The Collected Poems

The Collected Poems

by Sylvia Plath

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Overview

The Collected Poems by Sylvia Plath

Pulitzer Prize winner Sylvia Plath’s complete poetic works, edited and introduced by Ted Hughes.

By the time of her death on 11, February 1963, Sylvia Plath had written a large bulk of poetry. To my knowledge, she never scrapped any of her poetic efforts. With one or two exceptions, she brought every piece she worked on to some final form acceptable to her, rejecting at most the odd verse, or a false head or a false tail. Her attitude to her verse was artisan-like: if she couldn’t get a table out of the material, she was quite happy to get a chair, or even a toy. The end product for her was not so much a successful poem, as something that had temporarily exhausted her ingenuity. So this book contains not merely what verse she saved, but—after 1956—all she wrote.—Ted Hughes, from the Introduction

Product Details

ISBN-13: 9780061558894
Publisher: HarperCollins Publishers
Publication date: 03/06/2018
Series: P.S. Series
Pages: 384
Sales rank: 61,944
Product dimensions: 6.10(w) x 9.10(h) x 1.10(d)
Lexile: NP (what's this?)

About the Author

Sylvia Plath was born in 1932 in Massachusetts. Her books include the poetry collections The Colossus, Crossing the Water, Winter Trees, Ariel, and Collected Poems, which won the Pulitzer Prize. A complete and uncut facsimile edition of Ariel was published in 2004 with her original selection and arrangement of poems. She was married to the poet Ted Hughes, with whom she had a daughter, Frieda, and a son, Nicholas. She died in London in 1963.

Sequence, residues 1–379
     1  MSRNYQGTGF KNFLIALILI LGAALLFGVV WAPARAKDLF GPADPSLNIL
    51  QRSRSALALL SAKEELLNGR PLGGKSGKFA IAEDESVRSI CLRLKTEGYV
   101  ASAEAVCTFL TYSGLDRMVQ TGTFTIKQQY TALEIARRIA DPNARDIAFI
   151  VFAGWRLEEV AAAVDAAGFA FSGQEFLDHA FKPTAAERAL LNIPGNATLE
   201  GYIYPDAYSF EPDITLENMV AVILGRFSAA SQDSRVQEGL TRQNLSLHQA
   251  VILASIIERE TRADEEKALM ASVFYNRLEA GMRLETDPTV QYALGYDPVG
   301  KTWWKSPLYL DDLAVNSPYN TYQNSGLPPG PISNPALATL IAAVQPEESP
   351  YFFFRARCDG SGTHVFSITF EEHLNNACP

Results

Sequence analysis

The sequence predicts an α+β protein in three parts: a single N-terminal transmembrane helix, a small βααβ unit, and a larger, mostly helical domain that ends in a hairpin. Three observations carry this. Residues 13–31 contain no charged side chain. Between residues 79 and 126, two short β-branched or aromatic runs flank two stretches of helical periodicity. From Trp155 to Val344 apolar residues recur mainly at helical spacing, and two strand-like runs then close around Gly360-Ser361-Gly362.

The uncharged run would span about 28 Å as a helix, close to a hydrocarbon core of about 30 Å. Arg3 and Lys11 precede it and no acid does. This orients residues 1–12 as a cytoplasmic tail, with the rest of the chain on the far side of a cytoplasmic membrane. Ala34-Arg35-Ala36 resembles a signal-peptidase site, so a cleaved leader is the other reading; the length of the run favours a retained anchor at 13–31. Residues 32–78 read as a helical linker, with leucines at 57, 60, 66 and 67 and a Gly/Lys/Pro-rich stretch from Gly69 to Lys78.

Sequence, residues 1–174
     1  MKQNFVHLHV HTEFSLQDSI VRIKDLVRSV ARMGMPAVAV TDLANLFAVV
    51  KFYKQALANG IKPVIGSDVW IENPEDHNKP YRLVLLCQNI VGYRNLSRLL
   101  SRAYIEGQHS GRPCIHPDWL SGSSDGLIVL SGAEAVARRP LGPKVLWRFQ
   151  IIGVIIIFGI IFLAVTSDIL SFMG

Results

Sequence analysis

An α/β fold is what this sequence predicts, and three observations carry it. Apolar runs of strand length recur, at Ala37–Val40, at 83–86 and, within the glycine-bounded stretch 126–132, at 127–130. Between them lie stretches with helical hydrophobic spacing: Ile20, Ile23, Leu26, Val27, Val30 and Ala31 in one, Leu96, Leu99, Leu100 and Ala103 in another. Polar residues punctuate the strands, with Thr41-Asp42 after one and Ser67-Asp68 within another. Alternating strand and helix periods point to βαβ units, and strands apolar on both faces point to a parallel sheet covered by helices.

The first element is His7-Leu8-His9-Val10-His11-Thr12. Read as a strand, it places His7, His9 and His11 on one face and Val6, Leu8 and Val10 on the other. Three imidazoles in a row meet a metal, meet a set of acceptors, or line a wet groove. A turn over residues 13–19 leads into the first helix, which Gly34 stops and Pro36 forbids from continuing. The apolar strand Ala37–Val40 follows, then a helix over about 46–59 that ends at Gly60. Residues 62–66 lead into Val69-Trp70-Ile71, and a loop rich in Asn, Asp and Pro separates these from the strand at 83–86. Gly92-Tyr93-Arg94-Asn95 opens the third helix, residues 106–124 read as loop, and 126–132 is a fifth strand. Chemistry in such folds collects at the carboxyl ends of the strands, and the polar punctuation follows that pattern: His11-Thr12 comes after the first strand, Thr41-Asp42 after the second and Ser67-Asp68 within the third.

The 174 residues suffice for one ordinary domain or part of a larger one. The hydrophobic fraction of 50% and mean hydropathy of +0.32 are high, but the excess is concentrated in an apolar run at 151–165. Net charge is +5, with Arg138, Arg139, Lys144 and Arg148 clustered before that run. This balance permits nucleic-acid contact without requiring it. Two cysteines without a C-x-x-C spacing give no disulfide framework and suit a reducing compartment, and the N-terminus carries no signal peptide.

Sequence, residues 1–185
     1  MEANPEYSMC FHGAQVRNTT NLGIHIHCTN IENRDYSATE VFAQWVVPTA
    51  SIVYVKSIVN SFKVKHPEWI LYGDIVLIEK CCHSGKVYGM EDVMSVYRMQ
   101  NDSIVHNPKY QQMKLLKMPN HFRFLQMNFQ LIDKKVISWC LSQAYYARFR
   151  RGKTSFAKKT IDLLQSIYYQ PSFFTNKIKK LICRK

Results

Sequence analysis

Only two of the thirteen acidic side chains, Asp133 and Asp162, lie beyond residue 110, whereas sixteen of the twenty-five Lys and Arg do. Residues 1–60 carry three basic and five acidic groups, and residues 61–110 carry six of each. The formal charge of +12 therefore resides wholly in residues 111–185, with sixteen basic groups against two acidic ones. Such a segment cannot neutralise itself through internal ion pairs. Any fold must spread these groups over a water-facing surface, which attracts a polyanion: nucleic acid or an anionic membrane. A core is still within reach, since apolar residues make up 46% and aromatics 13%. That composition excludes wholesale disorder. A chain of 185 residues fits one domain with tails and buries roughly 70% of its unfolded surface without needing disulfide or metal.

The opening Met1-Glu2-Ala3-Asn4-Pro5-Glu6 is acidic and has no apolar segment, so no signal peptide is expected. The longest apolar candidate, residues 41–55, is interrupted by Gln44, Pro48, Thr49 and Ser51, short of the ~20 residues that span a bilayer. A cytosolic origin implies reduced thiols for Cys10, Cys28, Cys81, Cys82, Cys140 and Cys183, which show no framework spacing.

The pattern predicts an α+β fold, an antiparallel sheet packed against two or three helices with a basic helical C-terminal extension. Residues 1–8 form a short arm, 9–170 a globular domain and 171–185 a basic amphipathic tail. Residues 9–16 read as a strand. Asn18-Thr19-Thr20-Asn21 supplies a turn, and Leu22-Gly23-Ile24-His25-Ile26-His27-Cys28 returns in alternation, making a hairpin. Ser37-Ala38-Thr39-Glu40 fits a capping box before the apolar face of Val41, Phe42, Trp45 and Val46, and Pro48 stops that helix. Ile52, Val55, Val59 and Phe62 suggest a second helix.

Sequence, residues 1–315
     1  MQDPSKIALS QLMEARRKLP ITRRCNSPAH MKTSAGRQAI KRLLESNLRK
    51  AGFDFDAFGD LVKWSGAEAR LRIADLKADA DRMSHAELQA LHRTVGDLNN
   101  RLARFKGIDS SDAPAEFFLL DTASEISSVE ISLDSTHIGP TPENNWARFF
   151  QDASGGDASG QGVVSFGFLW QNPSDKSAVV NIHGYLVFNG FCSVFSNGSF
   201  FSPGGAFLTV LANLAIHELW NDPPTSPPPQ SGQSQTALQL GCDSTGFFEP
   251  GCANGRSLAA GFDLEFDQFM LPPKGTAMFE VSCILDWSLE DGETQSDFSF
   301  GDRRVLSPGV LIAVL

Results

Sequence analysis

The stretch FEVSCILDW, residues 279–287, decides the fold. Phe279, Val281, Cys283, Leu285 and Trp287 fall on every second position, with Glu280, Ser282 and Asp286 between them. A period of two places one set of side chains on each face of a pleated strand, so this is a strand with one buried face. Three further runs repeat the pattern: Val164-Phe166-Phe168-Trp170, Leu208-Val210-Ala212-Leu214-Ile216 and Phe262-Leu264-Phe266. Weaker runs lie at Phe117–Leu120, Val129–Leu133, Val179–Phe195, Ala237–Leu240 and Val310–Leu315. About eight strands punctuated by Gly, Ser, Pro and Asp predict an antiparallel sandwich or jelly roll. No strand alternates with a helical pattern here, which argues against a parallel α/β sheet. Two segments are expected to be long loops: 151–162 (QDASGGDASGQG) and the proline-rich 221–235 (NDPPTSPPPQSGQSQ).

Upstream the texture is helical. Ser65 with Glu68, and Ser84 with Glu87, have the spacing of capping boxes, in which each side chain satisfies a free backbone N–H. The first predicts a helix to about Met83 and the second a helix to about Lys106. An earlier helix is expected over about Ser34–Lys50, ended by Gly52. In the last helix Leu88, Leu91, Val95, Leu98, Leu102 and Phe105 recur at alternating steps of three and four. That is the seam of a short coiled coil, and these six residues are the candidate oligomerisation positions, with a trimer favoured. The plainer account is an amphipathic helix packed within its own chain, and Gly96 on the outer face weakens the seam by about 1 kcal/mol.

Date of Birth:

October 27, 1932

Date of Death:

February 11, 1963

Place of Birth:

Boston, Massachusetts

Place of Death:

London, England

Education:

B.A., Smith College, 1955; Fulbright Scholar, Cambridge University

Read an Excerpt

1956

Conversation Among the Ruins

Through portico of my elegant house you stalk
With your wild furies, disturbing garlands of fruit
And the fabulous lutes and peacocks, rending the net
Of all decorum which holds the whirlwind back.
Now, rich order of walls is fallen; rooks croak
Above the appalling ruin; in bleak light
Of your stormy eye, magic takes flight
Like a daunted witch, quitting castle when real days break

Fractured pillars frame prospects of rock;
While you stand heroic in coat and tie, I sit
Composed in Grecian tunic and psyche-knot,
Rooted to your black look, the play turned tragic:
With such blight wrought on our bankrupt estate,
What ceremony of words can patch the havoc?



Winter Landscape, with Rooks

Water in the millrace, through a sluice of stone,
plunges headlong into that black pond
where, absurd and out-of-season, a single swan
floats chaste as snow, taunting the clouded mind
which hungers to haul the white reflection down.

The austere sun descends above the fen,
an orange cyclops-eye, scorning to look
longer on this landscape of chagrin;
feathered dark in thought, I stalk like a rook,
brooding as the winter night comes on.

Last summer's reeds are all engraved in ice
as is your image in my eye; dry frost
glazes the window of my hurt; what solace
can be struck from rock to make heart's waste
grow green again? Who'd walk in this bleak place?

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The Collected Poems 4.6 out of 5 based on 0 ratings. 14 reviews.
abirdman on LibraryThing 2 hours ago